25 March 2005
Let us know if you've got any questions you'd like to share...
No doubt, there are many reasons you come to the office every day. Hopefully your work is more than just a means to put food on the table. Hopefully words like service and fun fit into your answer somewhere.
My answer? I'll post it in the Comments section below. I hope you'll post yours there too...
23 March 2005
You're unique, of course. You've got your own set of fingerprints, DNA, etc. Does that uniqueness show in the work you do?
His basic thesis is that activities like painting (and reading) engage and exercise different parts of the brain than we typically use when we work, allowing the work-related part of the brain to rest (which helps prevent burnout, etc). Key quote: "To be really happy and really safe, one ought to have at least two or three hobbies, and they all must be real." So I think I'm going to take up pencil sketching again.
The book is long out of print (I got mine used via Amazon), but there are copies to be had (for like $4 - amazing!). I can't say enough good things about it (and it's probably the shortest book you'll ever love!).
22 March 2005
They've also got a link on their website that says "Challenge the Naval Research Enterprise to give you a solution." Nice. Strike that - it's not just nice. It's brilliant.
21 March 2005
it claims [it] can send data over the surface of the skin at speeds of up
to 2Mbps -- equivalent to a fast broadband data connection
By sending data over the surface of the skin, it may soon be possible to
trade music files by dancing cheek to cheek, or to swap phone numbers by
It seems to me the days of manned fighter aircraft are numbered (and have been for some time now). These two coincident articles offer a brief highlight of some of the reasons - and facts - driving that future change. Many fighter pilots naturally hate this development (and many engineers naturally love it), but the truth is we are going to need fewer and fewer people in cockpits, particularly of the F-16 variety... (F-22 and F-35 notwithstanding...)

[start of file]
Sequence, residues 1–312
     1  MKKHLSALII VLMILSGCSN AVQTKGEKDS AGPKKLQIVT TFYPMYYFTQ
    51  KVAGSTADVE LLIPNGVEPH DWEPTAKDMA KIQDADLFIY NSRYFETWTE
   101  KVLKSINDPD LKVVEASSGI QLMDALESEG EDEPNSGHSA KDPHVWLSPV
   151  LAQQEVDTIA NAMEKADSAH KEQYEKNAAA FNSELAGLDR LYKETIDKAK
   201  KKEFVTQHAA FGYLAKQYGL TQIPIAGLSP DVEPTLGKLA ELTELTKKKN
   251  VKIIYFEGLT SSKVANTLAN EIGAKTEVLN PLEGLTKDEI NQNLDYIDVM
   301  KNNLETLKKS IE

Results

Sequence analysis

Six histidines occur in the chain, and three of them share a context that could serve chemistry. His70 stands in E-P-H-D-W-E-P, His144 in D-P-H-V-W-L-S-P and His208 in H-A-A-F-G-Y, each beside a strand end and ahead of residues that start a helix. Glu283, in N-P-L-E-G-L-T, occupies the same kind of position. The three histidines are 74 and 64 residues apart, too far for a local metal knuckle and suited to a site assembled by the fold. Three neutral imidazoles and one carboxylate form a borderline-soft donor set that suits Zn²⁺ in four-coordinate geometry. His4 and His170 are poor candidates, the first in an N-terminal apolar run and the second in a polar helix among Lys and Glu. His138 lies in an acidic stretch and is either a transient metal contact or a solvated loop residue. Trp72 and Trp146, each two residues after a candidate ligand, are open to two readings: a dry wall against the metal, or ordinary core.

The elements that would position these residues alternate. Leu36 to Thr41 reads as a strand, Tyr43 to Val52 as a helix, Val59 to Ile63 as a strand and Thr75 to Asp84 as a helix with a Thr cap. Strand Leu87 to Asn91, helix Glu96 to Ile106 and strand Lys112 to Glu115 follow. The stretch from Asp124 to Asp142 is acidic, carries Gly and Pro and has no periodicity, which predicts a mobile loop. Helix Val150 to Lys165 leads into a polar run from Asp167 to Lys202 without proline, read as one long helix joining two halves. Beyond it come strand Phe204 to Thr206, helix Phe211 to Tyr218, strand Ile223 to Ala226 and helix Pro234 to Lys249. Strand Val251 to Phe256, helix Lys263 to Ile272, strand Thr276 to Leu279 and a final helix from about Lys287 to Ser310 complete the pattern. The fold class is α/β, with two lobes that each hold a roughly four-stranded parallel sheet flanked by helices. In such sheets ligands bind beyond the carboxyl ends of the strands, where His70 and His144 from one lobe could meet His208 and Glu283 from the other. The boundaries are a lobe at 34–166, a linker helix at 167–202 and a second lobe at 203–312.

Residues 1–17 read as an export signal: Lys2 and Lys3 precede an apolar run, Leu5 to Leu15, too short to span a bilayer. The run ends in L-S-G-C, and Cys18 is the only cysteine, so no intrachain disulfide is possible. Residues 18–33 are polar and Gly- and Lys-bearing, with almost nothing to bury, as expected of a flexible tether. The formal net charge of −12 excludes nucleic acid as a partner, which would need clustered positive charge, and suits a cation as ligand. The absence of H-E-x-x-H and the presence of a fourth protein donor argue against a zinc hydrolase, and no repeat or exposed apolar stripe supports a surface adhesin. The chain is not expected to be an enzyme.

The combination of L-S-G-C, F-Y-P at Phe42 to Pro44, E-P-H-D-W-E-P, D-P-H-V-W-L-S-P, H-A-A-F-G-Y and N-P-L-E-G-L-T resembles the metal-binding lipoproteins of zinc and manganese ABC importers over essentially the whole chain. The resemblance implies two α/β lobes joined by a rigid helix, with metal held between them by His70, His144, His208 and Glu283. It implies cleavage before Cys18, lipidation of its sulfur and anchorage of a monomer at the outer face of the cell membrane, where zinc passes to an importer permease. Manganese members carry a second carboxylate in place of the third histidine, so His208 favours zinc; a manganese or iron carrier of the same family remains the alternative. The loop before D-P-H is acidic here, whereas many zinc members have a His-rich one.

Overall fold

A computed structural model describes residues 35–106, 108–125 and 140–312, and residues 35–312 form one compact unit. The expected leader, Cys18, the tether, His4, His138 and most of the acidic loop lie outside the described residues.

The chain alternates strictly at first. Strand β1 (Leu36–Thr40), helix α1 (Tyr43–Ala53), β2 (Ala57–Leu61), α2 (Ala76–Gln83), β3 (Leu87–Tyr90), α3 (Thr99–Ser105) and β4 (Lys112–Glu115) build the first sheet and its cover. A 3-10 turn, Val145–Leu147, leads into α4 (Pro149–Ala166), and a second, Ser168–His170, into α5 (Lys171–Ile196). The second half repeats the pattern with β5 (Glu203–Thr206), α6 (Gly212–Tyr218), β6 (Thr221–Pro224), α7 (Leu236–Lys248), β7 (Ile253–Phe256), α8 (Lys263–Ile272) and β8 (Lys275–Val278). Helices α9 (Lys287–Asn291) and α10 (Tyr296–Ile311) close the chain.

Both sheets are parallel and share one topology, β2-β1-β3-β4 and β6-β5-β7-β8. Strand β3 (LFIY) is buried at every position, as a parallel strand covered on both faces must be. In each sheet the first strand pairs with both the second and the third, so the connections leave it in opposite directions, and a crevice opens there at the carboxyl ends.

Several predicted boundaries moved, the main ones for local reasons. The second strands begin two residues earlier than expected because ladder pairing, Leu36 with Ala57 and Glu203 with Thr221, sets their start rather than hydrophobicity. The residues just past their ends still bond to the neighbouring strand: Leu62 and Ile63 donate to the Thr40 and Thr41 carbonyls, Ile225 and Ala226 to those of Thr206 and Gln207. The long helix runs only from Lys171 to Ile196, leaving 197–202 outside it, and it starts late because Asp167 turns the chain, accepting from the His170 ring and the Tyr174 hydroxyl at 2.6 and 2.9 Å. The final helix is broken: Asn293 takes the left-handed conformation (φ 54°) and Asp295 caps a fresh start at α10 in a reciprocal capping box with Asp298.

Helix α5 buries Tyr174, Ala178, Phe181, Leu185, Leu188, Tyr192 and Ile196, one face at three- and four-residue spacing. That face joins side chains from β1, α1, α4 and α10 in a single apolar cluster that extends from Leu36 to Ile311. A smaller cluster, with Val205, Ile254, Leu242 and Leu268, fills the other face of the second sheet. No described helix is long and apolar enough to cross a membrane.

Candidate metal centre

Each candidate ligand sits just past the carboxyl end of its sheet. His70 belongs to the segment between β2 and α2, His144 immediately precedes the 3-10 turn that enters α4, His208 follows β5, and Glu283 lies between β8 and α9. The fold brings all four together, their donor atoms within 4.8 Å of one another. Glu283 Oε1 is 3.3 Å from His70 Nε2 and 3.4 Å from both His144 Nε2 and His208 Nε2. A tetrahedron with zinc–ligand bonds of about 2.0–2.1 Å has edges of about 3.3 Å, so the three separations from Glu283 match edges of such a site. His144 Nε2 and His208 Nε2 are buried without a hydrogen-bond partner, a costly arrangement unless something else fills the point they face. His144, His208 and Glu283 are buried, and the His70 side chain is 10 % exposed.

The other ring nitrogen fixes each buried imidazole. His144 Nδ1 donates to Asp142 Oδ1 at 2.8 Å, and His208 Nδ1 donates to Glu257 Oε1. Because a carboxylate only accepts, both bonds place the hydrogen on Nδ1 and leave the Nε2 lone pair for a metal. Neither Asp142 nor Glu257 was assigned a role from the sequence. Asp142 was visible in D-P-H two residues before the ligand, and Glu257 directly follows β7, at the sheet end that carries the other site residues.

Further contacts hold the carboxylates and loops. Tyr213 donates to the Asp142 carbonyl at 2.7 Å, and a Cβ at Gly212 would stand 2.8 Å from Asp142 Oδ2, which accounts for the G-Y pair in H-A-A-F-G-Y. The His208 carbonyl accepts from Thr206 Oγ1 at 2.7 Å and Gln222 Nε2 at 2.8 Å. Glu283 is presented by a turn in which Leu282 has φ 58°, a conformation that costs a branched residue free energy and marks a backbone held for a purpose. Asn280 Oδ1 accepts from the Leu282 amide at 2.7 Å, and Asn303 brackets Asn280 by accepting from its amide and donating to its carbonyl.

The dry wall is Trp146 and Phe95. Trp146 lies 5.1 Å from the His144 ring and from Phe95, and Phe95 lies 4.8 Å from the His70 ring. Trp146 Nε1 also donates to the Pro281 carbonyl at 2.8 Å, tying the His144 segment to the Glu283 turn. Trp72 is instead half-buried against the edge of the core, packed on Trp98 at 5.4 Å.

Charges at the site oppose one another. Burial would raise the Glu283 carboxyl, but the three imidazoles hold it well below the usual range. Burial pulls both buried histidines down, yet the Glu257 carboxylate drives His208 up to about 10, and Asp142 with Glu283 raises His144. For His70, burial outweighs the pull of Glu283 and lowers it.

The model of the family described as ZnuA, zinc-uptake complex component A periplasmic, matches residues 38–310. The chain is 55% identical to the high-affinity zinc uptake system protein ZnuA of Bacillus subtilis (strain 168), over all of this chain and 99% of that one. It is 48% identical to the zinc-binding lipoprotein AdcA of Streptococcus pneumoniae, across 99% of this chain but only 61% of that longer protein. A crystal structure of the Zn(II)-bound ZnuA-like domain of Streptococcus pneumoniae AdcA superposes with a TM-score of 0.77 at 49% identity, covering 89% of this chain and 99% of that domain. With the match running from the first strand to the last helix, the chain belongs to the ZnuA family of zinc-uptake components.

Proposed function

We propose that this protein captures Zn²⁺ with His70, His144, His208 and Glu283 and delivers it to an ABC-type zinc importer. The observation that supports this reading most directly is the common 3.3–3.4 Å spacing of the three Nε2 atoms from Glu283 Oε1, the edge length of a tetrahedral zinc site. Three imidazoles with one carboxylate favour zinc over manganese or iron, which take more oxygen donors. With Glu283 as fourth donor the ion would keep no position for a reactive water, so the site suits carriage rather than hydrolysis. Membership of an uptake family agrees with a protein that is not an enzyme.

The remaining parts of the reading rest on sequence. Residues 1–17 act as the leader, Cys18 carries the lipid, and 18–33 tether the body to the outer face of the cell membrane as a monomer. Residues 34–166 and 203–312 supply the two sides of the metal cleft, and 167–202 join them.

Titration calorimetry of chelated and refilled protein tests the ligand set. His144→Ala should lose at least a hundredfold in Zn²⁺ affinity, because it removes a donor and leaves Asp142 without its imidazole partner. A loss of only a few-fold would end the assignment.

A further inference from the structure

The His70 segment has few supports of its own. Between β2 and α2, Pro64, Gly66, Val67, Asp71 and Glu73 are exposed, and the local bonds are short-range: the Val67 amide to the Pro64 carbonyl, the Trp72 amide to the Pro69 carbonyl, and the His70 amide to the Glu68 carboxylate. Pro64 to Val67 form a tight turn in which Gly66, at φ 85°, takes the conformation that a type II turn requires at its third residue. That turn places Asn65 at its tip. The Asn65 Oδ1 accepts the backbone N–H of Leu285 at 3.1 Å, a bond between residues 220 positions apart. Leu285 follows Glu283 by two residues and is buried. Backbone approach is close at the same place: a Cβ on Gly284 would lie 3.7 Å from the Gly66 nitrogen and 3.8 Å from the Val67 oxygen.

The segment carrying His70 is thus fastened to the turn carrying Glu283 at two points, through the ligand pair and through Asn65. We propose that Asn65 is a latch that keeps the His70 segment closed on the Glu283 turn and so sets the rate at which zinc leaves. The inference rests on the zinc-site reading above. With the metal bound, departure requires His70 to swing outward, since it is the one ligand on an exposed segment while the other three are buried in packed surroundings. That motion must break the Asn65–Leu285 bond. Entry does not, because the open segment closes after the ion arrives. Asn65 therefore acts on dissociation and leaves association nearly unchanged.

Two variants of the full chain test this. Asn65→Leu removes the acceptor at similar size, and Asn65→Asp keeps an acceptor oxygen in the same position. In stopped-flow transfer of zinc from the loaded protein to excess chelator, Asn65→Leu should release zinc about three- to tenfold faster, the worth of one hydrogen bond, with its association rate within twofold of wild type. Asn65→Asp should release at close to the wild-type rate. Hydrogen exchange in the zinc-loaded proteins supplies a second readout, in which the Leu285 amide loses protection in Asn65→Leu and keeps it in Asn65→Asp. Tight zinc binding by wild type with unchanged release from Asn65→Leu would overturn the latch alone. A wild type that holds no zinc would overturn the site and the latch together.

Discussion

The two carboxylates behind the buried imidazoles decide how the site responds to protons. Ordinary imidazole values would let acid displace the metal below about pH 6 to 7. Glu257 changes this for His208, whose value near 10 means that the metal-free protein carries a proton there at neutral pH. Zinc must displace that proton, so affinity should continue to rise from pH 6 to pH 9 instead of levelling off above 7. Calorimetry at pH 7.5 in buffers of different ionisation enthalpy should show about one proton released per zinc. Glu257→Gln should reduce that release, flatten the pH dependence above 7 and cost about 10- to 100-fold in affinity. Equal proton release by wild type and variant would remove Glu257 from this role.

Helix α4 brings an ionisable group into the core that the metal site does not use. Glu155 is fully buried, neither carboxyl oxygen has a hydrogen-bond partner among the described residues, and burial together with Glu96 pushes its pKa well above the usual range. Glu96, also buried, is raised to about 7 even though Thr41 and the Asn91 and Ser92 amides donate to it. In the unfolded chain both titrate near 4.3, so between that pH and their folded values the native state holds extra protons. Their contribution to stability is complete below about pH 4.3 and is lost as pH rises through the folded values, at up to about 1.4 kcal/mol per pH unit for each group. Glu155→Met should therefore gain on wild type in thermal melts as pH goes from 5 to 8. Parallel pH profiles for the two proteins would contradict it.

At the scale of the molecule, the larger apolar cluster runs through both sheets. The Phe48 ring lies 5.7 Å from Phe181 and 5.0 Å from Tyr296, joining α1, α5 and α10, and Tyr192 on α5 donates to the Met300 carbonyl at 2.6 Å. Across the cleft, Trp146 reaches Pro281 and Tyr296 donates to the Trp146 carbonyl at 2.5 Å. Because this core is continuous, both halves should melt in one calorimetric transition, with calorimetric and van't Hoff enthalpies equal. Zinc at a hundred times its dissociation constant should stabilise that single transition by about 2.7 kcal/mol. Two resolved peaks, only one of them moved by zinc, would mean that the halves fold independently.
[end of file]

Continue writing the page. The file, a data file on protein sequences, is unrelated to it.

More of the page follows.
18 March 2005
His main topic is marketing, but he has a lot to say about creativity, innovation and communication. And his cartoons crack me up (and make me think). Here's an excerpt worth checking out:
the biggest problem in the Western world is oversupply.
For every company needing to hire an ad agency or design firm, there's dozens out there, willing and able. For every person wanting to buy a new car, there's tons of car makers and dealers out there. I could on and on.
I could also go on about how many good people I know are caught in oversupplied markets, and how every day they wake up, feeling chilled to the bone with dread and unease. Advertising and media folk are classic examples.
So maybe the thing is to is get into "The Tao of Undersupply".
If only 100 people want to buy your widgets, then just make 90 widgets. If only 1000, make 900. If only 10 million, make 9 million. It isn't rocket science, but it takes discipline. It also requires you to stop making the same stuff as other people. Doing that requires originality and invention.
Like it said in "How To Be Creative", don't try to stand out from the crowd, avoid crowds altogether.
How are we doing here in the lab? Are we doing stuff that nobody else is doing? Or are we just part of the crowd? Do we have the discipline to be different?
If we're one more shiny piece of technology in a vast sea of similar gadgets, no wonder technology transition is rare. Maybe we're just offering too much of the same, and not enough that is genuinely unique (and if your offering is unique, you've probably got people knocking on you door all the time...)